Taking on the tricky topic of culture, we unpicked the elements of culture that professionals in our industry need to consider as part of the wider programme, including how the digital workplace both reflects and influences the overall cultural climate of the organization.

Truly putting people at the heart of the digital workplace has also led to a number of research projects exploring aspects of organizational readiness, such as digital dexterity, digital leadership and digital wellbeing. We’ve set out guidance on change management and adoption, helping digital workplace teams to make sure that they take people with them on the journey.

More recently, we explored what digital workplace practitioners could learn from anthropologists. This was a fascinating research project that went well beyond the basics of user-centred design towards approaches to understanding the complexity of how humans work digitally in order to build more successful and meaningful digital experiences.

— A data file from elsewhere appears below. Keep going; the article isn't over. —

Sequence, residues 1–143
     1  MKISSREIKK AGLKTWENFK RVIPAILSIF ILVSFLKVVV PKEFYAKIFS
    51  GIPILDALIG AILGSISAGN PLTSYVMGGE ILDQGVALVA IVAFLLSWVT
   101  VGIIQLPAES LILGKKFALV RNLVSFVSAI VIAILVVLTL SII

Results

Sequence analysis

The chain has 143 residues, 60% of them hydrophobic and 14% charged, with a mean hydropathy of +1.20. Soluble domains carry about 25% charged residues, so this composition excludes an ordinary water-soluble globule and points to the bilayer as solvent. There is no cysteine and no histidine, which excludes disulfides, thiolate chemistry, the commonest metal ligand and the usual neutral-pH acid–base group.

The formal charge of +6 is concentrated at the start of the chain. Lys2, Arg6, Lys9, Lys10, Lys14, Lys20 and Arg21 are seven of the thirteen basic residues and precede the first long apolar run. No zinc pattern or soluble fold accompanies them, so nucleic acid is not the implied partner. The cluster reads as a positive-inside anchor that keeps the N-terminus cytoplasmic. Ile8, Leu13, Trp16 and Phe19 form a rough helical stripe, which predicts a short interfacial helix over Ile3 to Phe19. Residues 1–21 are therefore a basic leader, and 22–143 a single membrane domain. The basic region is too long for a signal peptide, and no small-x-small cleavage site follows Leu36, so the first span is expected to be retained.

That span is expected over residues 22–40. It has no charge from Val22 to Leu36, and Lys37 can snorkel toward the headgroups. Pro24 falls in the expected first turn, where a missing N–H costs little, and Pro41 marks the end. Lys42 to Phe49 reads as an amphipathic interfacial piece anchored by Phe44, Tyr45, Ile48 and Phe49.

Pioneering evidence-based intranet practices

While focusing firmly on the human aspects of digital work, our research also promotes a data-driven, evidence-based approach to intranet and digital workplace programmes.

In a groundbreaking report, we analysed data from DWG’s benchmarks to reveal the critical practices for success. Much of the secret to success lies in management practices, such as having a clear strategy, robust governance and meaningful measurement – all areas on which our research provides extensive guidance.

We also get right down into the detail of areas such as documenting intranet management practices, defining content strategy, managing knowledge, organizing content migration and optimizing digital communication channels – and so much more!

Keeping members at the forefront of practice

Over the years, I’ve often thought of DWG’s research as equipping our members with the knowledge, examples, ideas and tools to make that convincing business case, enable smart conversations with stakeholders, and get their projects and initiatives on a firm footing.